• Would work to use generate(1/(N+1), 0, 1); as a parameter for res. In that way it will always produce values from 0 to 1 with a fitting step. And an if check could end the loop. – BugShotGG Oct 9 '14 at 19:34
  • @GeoPapas I don't think you can end the loop without skewing the distribution. That's why a suggested erasing the extra points only after the data has been randomly shuffled. – Galik Oct 9 '14 at 20:15
  • @GeoPapas Also I realized that my example produces nmbers between [-1,1] when you asked for [0,1] (the range covered by the for loop). – Galik Oct 9 '14 at 20:19
0

Mechanical answer (not questioning "normal - without duplicate") below:

using gen = std::normal_distribution<long>(_1, _2);
std::set<long> data; // if you want to use double you'll need to customize the comparator
std::generate(std::inserter(data, data.end()), _3, gen);
  • anonymous down-voter - pms? – bobah Oct 6 '14 at 9:55
  • I guess the downvote was because this has complexity O(n log n) instead of the version with unordered_hash which is (expected) linear time. – leemes Oct 6 '14 at 19:30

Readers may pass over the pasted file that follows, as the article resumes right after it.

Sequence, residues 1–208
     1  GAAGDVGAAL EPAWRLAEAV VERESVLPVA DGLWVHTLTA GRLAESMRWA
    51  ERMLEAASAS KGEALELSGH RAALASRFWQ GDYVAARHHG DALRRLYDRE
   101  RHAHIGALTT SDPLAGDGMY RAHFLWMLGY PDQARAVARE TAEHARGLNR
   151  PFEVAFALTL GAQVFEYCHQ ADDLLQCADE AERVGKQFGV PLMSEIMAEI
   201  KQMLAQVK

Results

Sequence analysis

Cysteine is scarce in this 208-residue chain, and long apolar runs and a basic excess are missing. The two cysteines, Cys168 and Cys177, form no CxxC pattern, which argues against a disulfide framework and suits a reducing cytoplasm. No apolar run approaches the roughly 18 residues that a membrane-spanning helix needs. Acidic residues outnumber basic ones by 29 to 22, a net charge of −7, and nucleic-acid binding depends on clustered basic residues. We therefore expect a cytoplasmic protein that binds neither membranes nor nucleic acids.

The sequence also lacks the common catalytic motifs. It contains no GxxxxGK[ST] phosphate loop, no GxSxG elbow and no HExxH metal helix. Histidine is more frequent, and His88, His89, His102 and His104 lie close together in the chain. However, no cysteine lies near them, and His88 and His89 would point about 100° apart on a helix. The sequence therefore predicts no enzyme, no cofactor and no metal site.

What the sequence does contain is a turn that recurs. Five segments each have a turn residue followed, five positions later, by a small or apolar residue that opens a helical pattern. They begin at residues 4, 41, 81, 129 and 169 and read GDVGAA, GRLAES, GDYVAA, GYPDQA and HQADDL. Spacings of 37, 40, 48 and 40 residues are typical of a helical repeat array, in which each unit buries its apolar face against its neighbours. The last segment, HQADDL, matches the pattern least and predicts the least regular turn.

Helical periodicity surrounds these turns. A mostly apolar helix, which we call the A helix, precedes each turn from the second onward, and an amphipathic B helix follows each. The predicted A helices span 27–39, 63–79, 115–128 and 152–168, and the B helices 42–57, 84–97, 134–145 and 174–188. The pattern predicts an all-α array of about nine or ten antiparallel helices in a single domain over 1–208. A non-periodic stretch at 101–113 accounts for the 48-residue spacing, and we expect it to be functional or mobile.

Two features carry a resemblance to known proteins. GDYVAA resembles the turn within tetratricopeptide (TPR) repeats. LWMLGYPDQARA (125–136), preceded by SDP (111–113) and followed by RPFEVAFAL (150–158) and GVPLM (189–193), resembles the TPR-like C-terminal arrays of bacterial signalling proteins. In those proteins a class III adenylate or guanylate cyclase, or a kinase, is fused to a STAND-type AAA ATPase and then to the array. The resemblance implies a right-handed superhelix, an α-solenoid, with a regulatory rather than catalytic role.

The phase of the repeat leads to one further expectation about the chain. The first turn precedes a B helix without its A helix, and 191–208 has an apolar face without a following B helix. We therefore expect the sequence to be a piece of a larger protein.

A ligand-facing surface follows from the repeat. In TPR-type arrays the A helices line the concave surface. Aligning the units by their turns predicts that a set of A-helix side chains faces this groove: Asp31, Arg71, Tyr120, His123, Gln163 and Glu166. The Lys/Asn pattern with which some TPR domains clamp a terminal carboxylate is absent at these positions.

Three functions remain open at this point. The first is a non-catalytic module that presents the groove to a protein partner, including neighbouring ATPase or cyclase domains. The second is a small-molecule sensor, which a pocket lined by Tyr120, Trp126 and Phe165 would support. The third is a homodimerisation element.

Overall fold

• complexity of a single hash map lookup is O(n), which is not always tolerable – bobah Oct 6 '14 at 22:05
  • That's why I said expected, which is constant time per lookup / insertion. – leemes Oct 8 '14 at 7:58
-1

Normal distribution means that you may have many duplicates near the math expectation value. Your constraint make sense when you deal with even distribution.

  • "Near each other" and "equal" are different concepts. – Benjamin Bannier Oct 6 '14 at 9:50
  • it is a question of terminology after all. if the experiment is "whether a particular keyboard key has been pressed at least once" then what author requests may be a viable test data. – bobah Oct 6 '14 at 9:52
  • This is discrete distribution not continuous. So you can get equal numbers, I think it's acceptable. – Sergey Gatich Oct 6 '14 at 9:57